By Randy Blackaby
There are elements of child-rearing that mothers simply cannot accomplish alone. The greatest mother cannot replace a father. Neither can step-dads, boyfriends, or other males.
This isn’t an assault on mothers. It is a plea to recognize the critical role God has given fathers.
There was a day when this was broadly understood. But the popular notion today is that a mother can work a little harder and be both mom and dad. Or, that another man can step in and do the job, after the real father has failed to many the mother, divorced her, or himself been divorced.
That mothers cannot do a father’s job is in evidence all around us. Child poverty, juvenile crime, an epidemic of unwed pregnancy, and growing violence against women by young men are just a few tell-tale signs.
God designed and defined fathers as the primary providers for their families. This includes physical provision (1 Tim. 5:8). And more importantly, it involves spiritual provision (Eph. 6:4).
A mother can partially provide for these needs. But not like a father. The leading cause of poverty in the U.S., particularly child poverty, is the fatherless home. This is true despite the fact that more women today work than ever before.
Ask any Christian woman who is a single mother about the increased difficulty of raising children to be faithful to the Lord without a father’s help.
Fathers also have a unique ability to provide identity, character, and competence to their offspring. Without fathers, children often encounter problems understanding who they are and what they ought to be like. Fathers provide their children a “name” and all the expectations that such identity entails. If you don’t understand the significance of this, talk to a child whose father skipped out and whose mother wears another man’s name.
Joshua’s words ring out over the centuries as he publicly identified who he was and where his family would stand. “And if it seems evil to you to serve the Lord, choose for your-selves this day whom you will serve . . . but as for me and my house, we will serve the Lord,” he said.
Joshua was providing for his family’s spiritual welfare. He also was doing something else that fathers are specially de-signed for leadership.
Mothers certainly can lead. There are plenty of Bible examples. And they are to be obeyed by their children. But there is an element of family leadership that uniquely be-longs to fathers. Righteous fathers exhibit a foresight, a commitment to the well-being of their families, and a sense of self-sacrifice that is exhibited in daily action. It often is demonstrated in doing jobs they don’t enjoy because they have a family to support.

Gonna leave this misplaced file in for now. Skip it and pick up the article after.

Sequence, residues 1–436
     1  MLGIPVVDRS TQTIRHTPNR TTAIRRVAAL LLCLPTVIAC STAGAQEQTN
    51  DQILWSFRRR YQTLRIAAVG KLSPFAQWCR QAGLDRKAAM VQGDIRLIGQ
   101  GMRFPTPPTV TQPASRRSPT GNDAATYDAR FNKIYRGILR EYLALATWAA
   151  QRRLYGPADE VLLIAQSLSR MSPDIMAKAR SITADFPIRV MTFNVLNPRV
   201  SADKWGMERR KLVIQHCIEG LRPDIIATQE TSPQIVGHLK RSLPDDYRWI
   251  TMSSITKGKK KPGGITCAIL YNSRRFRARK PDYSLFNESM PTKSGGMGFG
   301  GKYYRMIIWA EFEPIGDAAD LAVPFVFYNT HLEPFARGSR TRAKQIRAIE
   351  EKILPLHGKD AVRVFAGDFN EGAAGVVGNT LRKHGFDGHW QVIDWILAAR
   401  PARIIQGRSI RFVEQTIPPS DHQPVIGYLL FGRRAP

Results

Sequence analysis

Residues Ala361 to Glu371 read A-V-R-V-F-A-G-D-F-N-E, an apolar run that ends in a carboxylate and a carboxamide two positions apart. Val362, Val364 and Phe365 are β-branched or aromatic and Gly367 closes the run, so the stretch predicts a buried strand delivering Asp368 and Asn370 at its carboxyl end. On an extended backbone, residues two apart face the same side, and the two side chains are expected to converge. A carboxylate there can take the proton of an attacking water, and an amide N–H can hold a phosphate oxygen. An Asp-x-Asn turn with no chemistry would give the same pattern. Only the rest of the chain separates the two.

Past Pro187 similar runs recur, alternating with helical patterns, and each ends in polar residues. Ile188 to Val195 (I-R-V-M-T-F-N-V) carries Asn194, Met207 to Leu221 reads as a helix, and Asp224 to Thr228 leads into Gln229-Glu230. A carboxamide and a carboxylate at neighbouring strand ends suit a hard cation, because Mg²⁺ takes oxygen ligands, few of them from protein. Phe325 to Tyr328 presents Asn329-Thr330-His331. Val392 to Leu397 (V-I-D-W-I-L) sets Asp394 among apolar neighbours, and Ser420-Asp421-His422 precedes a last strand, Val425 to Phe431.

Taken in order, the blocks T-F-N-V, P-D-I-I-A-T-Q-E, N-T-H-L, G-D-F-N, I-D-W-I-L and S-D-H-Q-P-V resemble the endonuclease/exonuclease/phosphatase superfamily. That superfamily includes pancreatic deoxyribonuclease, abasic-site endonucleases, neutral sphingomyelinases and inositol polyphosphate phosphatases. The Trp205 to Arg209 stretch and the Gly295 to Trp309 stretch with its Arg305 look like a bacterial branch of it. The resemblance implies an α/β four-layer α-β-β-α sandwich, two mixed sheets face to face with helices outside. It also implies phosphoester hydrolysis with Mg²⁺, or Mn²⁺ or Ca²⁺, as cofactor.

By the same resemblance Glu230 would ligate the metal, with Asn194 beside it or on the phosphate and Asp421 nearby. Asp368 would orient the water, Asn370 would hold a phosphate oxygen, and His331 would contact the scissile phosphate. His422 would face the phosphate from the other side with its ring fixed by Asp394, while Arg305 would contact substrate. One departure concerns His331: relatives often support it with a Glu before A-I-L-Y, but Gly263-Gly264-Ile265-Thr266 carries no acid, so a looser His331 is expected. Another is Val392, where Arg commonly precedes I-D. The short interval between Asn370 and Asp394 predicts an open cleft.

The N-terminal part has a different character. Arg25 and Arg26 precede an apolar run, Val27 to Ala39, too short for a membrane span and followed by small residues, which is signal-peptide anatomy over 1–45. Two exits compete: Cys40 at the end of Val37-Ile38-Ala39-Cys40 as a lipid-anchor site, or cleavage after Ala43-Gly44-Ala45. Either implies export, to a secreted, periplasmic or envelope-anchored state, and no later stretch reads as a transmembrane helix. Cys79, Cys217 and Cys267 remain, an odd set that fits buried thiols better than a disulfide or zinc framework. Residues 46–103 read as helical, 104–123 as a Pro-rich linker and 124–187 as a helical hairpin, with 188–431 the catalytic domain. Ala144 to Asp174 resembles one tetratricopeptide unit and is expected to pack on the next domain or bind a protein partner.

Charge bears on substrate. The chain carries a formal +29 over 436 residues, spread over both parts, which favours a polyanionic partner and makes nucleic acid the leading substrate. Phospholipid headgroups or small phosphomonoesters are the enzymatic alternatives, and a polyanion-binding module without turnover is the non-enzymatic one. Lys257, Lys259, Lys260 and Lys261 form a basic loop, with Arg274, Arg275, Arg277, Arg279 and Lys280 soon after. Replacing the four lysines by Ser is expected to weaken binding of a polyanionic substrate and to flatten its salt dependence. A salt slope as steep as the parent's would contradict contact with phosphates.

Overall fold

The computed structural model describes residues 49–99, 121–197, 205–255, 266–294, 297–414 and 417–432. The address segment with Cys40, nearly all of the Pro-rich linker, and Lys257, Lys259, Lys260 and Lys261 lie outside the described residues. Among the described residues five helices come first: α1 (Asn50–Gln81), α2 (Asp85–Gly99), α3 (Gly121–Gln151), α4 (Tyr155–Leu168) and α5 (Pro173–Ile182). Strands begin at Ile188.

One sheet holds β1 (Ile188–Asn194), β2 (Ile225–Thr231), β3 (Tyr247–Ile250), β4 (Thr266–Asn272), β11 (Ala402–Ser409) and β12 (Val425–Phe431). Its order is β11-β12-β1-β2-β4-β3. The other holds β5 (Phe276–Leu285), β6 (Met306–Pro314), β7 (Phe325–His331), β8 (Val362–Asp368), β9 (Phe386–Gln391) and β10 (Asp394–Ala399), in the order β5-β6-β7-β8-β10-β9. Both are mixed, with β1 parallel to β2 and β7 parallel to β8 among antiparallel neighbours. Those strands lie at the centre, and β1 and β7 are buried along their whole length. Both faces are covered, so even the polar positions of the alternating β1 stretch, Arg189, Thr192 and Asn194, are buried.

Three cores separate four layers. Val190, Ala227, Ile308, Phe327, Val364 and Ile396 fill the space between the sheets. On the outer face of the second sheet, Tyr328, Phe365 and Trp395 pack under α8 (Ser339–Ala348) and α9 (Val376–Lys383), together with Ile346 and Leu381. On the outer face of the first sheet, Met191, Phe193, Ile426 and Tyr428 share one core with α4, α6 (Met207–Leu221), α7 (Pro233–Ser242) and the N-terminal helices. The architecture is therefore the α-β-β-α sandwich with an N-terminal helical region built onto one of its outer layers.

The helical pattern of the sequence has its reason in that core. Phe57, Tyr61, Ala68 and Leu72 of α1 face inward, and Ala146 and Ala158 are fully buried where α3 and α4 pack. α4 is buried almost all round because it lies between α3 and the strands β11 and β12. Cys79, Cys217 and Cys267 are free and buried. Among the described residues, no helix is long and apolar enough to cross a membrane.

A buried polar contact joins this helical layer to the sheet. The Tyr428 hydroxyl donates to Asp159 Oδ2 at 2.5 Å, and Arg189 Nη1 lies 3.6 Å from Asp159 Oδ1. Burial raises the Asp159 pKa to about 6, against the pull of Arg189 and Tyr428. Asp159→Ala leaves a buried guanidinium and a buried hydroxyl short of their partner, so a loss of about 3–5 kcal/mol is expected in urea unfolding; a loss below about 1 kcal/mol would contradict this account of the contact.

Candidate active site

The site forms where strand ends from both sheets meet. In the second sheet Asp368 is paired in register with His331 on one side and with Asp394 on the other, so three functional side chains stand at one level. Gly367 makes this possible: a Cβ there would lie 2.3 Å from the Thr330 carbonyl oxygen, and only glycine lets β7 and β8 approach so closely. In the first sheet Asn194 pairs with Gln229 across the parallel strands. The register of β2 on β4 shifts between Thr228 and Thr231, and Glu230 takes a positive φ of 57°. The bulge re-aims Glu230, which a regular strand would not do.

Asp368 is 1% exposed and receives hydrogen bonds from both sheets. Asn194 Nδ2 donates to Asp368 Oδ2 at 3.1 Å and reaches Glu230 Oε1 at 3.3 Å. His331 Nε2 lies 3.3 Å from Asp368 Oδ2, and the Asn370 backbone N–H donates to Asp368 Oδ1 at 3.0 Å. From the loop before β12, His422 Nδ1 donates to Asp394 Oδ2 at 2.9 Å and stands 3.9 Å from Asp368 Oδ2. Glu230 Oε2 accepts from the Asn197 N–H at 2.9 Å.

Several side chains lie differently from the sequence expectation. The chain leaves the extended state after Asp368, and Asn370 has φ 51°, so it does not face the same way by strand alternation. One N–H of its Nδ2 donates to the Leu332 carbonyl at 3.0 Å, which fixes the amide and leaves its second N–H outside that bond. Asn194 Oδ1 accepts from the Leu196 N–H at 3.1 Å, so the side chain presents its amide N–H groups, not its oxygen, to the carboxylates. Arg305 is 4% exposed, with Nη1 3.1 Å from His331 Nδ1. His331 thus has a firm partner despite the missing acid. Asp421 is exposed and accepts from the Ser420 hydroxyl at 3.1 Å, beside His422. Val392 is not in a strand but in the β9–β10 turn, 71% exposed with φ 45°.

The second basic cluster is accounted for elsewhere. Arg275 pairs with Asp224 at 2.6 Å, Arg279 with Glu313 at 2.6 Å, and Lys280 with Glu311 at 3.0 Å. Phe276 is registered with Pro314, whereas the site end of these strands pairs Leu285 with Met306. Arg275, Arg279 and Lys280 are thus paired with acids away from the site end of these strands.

While mothers nurture their young through a compassionate caring for present needs, fathers nurture with a longer view. Mothers often tend to over-protection, while fathers give latitude designed to encourage independent living, risk-taking, and the skills necessary to launch their children as competent adults.
Both roles are critical. But God’s design of male and female doesn’t provide for one sex assuming both roles.
One of the most critical roles fathers exercise, that mothers can’t match, is in the assertion of authority. Whether it is the male’s generally stronger physique, his more direct and assertive mode of communication, or elements we can’t readily put our fingers on fathers can anticipate more responsive obedience than a mother by herself.
That this is God’s design is evident from passages like Genesis 18:19. In fact, a wife herself is to be subject to his authority (Eph. 5:22-24, 33; Col. 3:18).
This sets a physical pattern for a most critical spiritual lesson. A father on earth has authority (power) and is to be obeyed. A wife and mother teaches that fact to her children not just with words but with her own sub-mission. Thus, children are given a physical demonstration of both authority and submission, foundational principles that lead to respect of their Heavenly Father’s authority.
Strip family life of a father’s power and you usually get children without a model for submission to any sort of authority save their own lusts. Sin and lostness result (1 John 2:15-17).
Fathers usually have the “power” to provide a type of righteous “man-handling” that every child needs, particularly in the teenage years.
Many single moms who think they have been doing pretty good find out differently when their children become teen-agers. The teenage boy tempted to sass his mother, fears his father’s wrath. The I4-year-old girl who might convince her mother to let her date a boy five years older, fears what dad will say and probably do!
That’s because fathers also bring a “protective” quality to the family that goes beyond what a mother can provide. Boys in single-parent homes may rebel against mom, even hit her. But few will dare strike dad’s wife. Young girls may not know what most teenage boys are looking for on a date but dad does and he doesn’t intend to see his daughter hurt.
Like Noah, the righteous father protects his family from physical and spiritual harm.
He puts the welfare of his family ahead of his own and thus paints a human picture of the divine Father. Through this modeling children learn true character, self-discipline, deferred gratification, morality, sexual roles, and the means to be parents themselves.
No super-mom can fill a father’s shoes!
Guardian of Truth XLI: 12 p. 6-7
June 19, 1997